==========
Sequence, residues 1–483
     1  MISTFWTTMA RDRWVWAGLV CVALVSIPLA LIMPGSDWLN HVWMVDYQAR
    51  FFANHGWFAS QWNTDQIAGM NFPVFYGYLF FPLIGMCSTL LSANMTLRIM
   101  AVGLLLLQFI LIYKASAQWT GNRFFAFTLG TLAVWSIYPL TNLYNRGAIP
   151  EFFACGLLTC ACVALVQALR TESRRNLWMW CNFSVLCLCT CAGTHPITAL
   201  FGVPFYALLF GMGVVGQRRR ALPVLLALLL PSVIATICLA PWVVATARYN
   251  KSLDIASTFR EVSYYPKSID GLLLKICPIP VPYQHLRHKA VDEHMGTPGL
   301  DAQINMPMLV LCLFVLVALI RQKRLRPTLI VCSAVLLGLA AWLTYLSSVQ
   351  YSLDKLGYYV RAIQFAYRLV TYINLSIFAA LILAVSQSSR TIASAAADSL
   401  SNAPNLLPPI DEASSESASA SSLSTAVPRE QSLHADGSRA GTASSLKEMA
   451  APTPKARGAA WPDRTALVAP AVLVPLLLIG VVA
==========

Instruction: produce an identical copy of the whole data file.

Sequence, residues 1–483
     1  MISTFWTTMA RDRWVWAGLV CVALVSIPLA LIMPGSDWLN HVWMVDYQAR
    51  FFANHGWFAS QWNTDQIAGM NFPVFYGYLF FPLIGMCSTL LSANMTLRIM
   101  AVGLLLLQFI LIYKASAQWT GNRFFAFTLG TLAVWSIYPL TNLYNRGAIP
   151  EFFACGLLTC ACVALVQALR TESRRNLWMW CNFSVLCLCT CAGTHPITAL
   201  FGVPFYALLF GMGVVGQRRR ALPVLLALLL PSVIATICLA PWVVATARYN
   251  KSLDIASTFR EVSYYPKSID GLLLKICPIP VPYQHLRHKA VDEHMGTPGL
   301  DAQINMPMLV LCLFVLVALI RQKRLRPTLI VCSAVLLGLA AWLTYLSSVQ
   351  YSLDKLGYYV RAIQFAYRLV TYINLSIFAA LILAVSQSSR TIASAAADSL
   401  SNAPNLLPPI DEASSESASA SSLSTAVPRE QSLHADGSRA GTASSLKEMA
   451  APTPKARGAA WPDRTALVAP AVLVPLLLIG VVA